Bbc radio 4

Don’t tell them but the French didn’t in fact invent etiquette

When dining in France, it is considered rude to finish the bread before the main course has been served, and ruder still to slice the bread with a knife, lest the crumbs land in a lady’s décolletage. In China, you should never place your chopsticks upright in a bowl of rice, and in Bangladesh you may eat with your fingers, but should avoid getting sauce above the knuckles. If you are guilty of any of the above, may I direct you, politely, to a new documentary on the World Service. The programme takes aim at many outdated traditions (including those that resign women to the kitchen), but the conversation is

Can Italy reverse its falling birth rate? 

Anne McElvoy is on the road again, exploring the state of modern Europe. Following her Radio 4 programme, The Reinvention of Germany in April, the Politico journalist has travelled to Padua, in northern Italy, where reactions to the rise of the right-wing populist Giorgia Meloni appear to vary. Is the 46-year-old PM a breath of fresh air – the best chance Italy has for a future – or a hypocritical dyed-in-the-wool traditionalist? The reinvention (or rather restoration) of Italy is very much Meloni’s goal. Clinging to the familiar principles of faith, flag and family, she has eschewed measures that would allow those born in Italy to define themselves as Italian,

Why wasn’t Gyles Brandreth chosen to host ‘Just a Minute’?

Turn aside if BBC Radio 4 isn’t your thing, still less its panel games. But for those of us who grew up with ‘Just a minute’ there was one obvious and outstanding candidate to replace the late Nicholas Parsons, who gave every indication that he was immortal until he was actually cut off at the age of 96. And it wasn’t the person who actually got the job. The obvious candidate was Gyles Brandreth – though if you’d put in a case for Andy Hamilton, the other genuinely funny man on radio, I’d give it serious thought. But Gyles didn’t get it, nor did Andy. Sue Perkins did. Brandreth is measurably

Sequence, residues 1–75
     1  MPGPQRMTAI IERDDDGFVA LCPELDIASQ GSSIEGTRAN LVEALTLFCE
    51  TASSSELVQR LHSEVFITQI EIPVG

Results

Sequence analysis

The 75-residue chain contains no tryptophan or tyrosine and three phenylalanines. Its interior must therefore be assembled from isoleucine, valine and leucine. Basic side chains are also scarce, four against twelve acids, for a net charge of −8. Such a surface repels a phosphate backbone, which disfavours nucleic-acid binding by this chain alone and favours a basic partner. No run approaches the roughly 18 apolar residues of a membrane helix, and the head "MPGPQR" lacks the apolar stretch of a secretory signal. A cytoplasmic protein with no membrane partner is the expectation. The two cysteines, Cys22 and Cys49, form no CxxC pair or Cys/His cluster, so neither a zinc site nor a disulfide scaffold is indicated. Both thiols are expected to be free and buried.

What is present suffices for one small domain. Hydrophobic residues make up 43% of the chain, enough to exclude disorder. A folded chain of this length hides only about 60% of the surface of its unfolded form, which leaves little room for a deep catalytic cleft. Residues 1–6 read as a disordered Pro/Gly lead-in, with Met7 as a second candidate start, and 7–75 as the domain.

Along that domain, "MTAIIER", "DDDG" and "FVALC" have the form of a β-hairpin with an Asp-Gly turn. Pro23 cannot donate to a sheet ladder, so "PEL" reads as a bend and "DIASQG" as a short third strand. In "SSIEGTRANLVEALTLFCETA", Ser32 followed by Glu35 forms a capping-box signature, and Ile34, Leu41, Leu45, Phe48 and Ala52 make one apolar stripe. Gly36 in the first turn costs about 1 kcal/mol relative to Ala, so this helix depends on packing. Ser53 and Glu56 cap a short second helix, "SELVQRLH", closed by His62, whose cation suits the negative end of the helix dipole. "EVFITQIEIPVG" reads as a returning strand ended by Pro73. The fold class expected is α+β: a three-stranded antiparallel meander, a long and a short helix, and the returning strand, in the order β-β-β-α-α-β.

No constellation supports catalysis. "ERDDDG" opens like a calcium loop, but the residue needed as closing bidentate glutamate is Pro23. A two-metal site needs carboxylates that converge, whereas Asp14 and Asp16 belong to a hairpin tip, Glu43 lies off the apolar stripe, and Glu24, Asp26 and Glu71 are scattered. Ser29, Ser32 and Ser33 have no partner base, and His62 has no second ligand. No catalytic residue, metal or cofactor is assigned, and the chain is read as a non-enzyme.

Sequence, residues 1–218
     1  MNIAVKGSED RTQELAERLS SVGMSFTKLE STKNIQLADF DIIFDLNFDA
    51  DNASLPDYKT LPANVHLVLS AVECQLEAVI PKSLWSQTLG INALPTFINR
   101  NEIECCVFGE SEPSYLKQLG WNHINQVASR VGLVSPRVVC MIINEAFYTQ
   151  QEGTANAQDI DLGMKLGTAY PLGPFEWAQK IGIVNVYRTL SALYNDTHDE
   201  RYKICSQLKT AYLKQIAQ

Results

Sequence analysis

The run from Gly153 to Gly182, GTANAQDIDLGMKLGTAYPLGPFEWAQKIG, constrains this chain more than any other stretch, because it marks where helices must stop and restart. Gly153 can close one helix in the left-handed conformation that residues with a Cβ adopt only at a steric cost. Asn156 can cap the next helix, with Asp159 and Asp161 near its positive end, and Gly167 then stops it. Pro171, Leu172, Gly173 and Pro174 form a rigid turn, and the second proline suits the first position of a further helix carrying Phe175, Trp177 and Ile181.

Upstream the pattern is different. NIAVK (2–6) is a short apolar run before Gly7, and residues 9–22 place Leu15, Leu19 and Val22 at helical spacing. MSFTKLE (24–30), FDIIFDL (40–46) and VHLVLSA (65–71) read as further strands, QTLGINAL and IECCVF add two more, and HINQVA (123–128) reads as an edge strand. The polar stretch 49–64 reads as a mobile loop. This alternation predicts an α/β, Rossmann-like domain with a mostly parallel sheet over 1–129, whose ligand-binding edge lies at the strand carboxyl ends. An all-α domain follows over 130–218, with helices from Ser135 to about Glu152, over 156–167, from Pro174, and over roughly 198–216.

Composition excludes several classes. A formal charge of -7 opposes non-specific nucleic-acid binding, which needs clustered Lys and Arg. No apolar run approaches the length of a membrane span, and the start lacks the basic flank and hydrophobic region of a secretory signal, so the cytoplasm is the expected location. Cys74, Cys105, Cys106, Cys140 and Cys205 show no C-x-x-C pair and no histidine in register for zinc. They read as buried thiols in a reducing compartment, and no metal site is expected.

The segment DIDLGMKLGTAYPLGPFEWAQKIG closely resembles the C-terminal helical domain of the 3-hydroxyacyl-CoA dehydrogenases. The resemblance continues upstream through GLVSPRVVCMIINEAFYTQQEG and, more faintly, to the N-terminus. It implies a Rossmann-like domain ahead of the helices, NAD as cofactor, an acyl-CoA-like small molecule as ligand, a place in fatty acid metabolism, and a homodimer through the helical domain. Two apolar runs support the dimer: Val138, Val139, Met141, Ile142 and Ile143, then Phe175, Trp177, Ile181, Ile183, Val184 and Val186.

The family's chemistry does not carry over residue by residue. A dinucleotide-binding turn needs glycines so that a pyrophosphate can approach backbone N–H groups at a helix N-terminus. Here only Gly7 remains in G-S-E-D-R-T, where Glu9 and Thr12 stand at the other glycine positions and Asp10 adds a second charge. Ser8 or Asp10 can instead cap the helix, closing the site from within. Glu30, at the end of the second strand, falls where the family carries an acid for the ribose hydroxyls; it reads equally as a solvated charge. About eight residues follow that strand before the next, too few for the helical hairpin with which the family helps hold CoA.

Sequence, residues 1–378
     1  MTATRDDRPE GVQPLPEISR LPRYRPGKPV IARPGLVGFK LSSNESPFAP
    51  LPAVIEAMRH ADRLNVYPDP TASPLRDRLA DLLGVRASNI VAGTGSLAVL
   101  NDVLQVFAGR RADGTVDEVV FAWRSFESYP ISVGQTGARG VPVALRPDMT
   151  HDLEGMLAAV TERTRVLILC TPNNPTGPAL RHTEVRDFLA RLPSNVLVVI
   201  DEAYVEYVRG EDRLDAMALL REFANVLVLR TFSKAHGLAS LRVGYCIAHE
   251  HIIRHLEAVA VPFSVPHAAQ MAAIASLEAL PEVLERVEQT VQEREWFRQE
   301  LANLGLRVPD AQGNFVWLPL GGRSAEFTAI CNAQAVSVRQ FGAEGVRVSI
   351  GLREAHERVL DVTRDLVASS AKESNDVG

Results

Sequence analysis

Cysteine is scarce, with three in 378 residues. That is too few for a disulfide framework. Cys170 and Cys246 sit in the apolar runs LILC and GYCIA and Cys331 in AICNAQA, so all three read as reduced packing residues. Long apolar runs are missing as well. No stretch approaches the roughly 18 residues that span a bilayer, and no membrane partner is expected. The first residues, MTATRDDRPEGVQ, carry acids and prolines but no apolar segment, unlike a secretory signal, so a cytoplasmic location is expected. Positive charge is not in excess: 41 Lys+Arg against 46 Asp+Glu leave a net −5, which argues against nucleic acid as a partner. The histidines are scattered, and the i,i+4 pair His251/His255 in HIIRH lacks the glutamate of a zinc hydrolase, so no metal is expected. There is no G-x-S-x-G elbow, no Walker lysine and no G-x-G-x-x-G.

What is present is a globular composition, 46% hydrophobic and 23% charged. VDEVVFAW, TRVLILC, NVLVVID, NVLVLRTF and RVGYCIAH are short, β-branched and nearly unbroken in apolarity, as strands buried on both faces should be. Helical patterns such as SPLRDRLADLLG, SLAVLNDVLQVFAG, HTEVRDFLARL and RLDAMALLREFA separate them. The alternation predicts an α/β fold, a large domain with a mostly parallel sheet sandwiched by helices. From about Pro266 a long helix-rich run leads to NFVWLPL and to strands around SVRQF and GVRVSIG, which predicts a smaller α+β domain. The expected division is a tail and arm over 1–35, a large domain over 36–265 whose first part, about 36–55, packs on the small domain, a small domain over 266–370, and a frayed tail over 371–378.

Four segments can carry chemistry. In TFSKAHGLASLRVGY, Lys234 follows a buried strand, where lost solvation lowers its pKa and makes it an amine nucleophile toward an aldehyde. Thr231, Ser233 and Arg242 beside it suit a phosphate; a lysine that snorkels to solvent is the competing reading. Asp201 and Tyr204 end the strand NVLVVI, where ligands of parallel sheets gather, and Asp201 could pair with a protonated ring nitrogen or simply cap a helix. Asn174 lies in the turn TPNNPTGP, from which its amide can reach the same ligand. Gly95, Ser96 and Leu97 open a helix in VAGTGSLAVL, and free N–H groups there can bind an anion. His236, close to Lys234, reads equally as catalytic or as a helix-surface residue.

The funniest current affairs show since Brass Eye: Into the Grey Zone reviewed

It was something a friend said to me about The Revenant, Leonardo diCaprio’s bloody-minded and brutal Oscar vehicle: ‘The problem with the film is once you start laughing, you can’t stop. And for me, that moment was the second time he fell off a cliff.’ I thought about this a lot listening to Into the Grey Zone, a new podcast hoping to educate its audience about the new forms of constant pseudo-warfare that modern states engage in. This is the world of nerve poisoning in Salisbury, airspace incursions over Taiwan, cyberattacks, mass disinformation and remote interference. None of these things can be considered open warfare but taken together, the podcast